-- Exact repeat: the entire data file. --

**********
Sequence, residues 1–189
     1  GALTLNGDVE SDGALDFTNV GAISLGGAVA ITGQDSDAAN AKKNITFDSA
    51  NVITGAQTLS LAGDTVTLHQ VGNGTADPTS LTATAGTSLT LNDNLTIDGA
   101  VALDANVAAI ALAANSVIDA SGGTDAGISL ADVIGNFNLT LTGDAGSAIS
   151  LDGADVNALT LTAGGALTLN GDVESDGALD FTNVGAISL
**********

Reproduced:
Sequence, residues 1–189
     1  GALTLNGDVE SDGALDFTNV GAISLGGAVA ITGQDSDAAN AKKNITFDSA
    51  NVITGAQTLS LAGDTVTLHQ VGNGTADPTS LTATAGTSLT LNDNLTIDGA
   101  VALDANVAAI ALAANSVIDA SGGTDAGISL ADVIGNFNLT LTGDAGSAIS
   151  LDGADVNALT LTAGGALTLN GDVESDGALD FTNVGAISL